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" It is certain that either wise bearing or ignorant carriage is caught, as men take diseases, one of another : therefore let men take heed of their company. "
“The” Plays of William Shakespeare: Accurately Printed from the Text of Mr ... - Page 214
by William Shakespeare - 1807
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The Dramatic Works of Shakespeare

William Shakespeare - 1824 - 830 pages
...near their master: if to his men, I would curry with master Shallow, that no man could better command r CORIK. Cor. letmen take heed oftheir company. I willdevisc matter enough out of this Shallow, to keep prince Harry...
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The Dramatic Works of William Shakespeare: From the Text of ..., Volume 1

William Shakespeare - 1825
...that no man could better command bis servants. . It is certain, that either wise bearing, or ignoraat carriage, is caught, as men take diseases, one of...Shallow, to keep prince Harry in continual laughter, the wearing-out of six fashions, (which is four terms, or two actionr,) and he shall laugh without...
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The Dramatic Works of William Shakspeare: With Glossarial Notes, a Sketch of ...

William Shakespeare - 1825 - 908 pages
...Shallow, that no man could better CQm.uiann' his servants. It is certain, that either wist bear in • or ignorant carriage, is caught, as men take diseases, one of another : therefore, let шел lak* beed of their company, 1 will devise matter enough out of this Shallow, to keep prince...
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King Richard II. King Henry IV, part 1. King Henry IV, part 2. Henry V

William Shakespeare - 1826
...near their master8: if to his men, I would curry with master Shallow, that no man could better command his servants. It is certain, that either wise bearing,...Shallow, to keep Prince Harry in continual laughter, the wearing-out of six fashions, (which is four terns, or two actions9), and he shall laugh without...
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The plays of William Shakspeare, pr. from the text by G. Steevens ..., Volume 5

William Shakespeare - 1826
...their master 8 : if to his men, I would curry with master Shallow, that no man could better command his servants. It is certain, that either wise bearing,...of this Shallow, to keep prince Harry in continual kughter, the wearing-out of six-fashions, (which is four terms or two actions9,) and he shall laugh...
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Laconics: Or Instructive Miscellanies, Selected from the Best Authors ...

A general reader - Aphorisms and apothegms - 1827 - 188 pages
...say who is the best ; I reply, he who has deserved most of his fellow creatures. — Sir Wm. Jones. It is certain that either wise bearing or ignorant...another ; therefore let men take heed of their company. * ».:. Pain and pleasure, like light and darkness, succeed each other; and he only that knows how...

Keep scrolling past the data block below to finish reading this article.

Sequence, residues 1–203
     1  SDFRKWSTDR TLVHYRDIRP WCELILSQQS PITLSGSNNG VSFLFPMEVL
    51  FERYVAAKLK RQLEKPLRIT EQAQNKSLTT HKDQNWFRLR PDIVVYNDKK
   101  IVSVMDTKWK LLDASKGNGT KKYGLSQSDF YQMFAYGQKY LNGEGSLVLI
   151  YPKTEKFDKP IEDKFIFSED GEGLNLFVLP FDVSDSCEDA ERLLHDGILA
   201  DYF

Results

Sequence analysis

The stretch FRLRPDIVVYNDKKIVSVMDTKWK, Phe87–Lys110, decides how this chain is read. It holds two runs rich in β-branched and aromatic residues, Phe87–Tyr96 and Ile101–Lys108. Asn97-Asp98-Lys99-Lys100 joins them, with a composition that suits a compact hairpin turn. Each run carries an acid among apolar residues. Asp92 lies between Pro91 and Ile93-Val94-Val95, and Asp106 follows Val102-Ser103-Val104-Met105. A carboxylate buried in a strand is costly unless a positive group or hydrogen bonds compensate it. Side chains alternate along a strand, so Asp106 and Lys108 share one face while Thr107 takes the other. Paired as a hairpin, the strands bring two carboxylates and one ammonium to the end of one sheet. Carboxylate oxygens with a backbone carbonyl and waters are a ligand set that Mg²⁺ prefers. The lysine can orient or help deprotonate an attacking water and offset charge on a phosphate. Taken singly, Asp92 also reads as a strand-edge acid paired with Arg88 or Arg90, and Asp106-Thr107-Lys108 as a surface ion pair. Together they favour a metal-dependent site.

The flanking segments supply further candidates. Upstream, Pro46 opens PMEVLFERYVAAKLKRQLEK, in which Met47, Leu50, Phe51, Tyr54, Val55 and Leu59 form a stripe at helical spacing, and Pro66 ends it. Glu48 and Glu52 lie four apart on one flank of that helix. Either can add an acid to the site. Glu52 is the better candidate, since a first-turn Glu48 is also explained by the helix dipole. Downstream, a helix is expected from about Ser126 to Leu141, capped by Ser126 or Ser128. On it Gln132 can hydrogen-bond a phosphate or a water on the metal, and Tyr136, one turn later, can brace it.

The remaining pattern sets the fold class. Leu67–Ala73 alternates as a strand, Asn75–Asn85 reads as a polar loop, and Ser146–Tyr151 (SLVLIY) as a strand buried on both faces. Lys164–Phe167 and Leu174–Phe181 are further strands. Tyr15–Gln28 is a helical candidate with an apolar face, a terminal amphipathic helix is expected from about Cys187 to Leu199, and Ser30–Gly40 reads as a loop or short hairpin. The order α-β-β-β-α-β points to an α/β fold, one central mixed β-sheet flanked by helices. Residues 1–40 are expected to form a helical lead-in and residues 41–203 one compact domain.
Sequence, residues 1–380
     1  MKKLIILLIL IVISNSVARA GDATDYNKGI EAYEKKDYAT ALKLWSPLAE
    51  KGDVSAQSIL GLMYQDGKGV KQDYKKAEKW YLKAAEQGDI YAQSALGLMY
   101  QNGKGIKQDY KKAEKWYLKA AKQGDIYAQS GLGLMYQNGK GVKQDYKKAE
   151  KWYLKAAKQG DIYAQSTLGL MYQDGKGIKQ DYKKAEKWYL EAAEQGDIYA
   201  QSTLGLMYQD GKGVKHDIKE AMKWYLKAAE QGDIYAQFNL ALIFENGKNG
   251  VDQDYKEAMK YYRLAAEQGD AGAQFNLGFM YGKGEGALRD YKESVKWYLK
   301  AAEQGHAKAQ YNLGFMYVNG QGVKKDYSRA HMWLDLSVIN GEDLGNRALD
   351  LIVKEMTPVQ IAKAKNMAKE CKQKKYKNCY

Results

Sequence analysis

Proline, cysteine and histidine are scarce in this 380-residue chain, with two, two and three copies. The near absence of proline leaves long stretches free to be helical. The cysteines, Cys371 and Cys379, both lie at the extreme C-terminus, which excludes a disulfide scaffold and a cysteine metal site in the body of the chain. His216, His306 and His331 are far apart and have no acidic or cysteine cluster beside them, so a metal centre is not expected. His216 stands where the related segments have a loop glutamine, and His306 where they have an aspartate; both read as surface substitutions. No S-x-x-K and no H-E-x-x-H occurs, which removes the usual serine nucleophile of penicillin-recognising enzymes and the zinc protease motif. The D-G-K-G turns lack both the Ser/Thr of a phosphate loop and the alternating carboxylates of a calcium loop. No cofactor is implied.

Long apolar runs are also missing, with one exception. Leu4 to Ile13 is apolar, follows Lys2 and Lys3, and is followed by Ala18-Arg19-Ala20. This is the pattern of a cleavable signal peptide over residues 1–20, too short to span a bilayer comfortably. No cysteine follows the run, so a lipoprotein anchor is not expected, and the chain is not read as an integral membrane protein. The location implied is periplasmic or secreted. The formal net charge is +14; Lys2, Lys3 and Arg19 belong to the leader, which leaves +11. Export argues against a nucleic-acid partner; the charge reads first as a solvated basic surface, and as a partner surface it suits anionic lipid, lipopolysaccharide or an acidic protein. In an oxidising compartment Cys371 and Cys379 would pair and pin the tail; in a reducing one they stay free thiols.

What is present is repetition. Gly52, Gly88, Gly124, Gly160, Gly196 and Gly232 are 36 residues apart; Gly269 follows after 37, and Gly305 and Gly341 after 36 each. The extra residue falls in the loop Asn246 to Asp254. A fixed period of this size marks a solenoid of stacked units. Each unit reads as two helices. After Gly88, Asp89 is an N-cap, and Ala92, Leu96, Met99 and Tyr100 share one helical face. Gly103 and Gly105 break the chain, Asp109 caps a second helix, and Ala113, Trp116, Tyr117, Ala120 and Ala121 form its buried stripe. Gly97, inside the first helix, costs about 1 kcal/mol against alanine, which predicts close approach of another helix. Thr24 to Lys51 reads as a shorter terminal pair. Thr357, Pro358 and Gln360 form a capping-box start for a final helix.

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Elements of the Philosophy of the Human Mind, Volume 3

Dugald Stewart - Psychology - 1827
...con"junction, with the participation of society, that they flock "together in concert, like so many wild geese. It is certain, " that either wise bearing or ignorant...diseases, one of another ; therefore let men take " heed to their company." Of this principle of our nature, Count Rumford appears to have availed himself,...
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The Plays of William Shakespeare

William Shakespeare - 1827 - 791 pages
...servants. It is certain, that either wbe bearing, or ignorant carriage, is caught as men take diseases, ime qmBM OBq q 2 1J2 ' b|g G i^( keeˇ> prince Harry in continual laughter, the wearing-out of six fashions, (which is four terms or...
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The Monthly Review

1827
...flock together in concert, like so many wild geese. It is certain, that either wise bearing or iynorant carriage is caught, as men take diseases, one of another; therefore, let them take heed to their company." '--—pp. 157—159. We add some further observations of our author...
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The Dramatic Works of Shakespeare: With a Life, Volume 4

William Shakespeare - 1828
...near their master: if to his men, I would curry with master Shallow, that no man could better command his servants. It is certain, that either wise bearing,...therefore, let men take heed of their company. I will .. matter enough out of this Shallow, to k . Prince Harry in continual laughter, the wearing-ont of...
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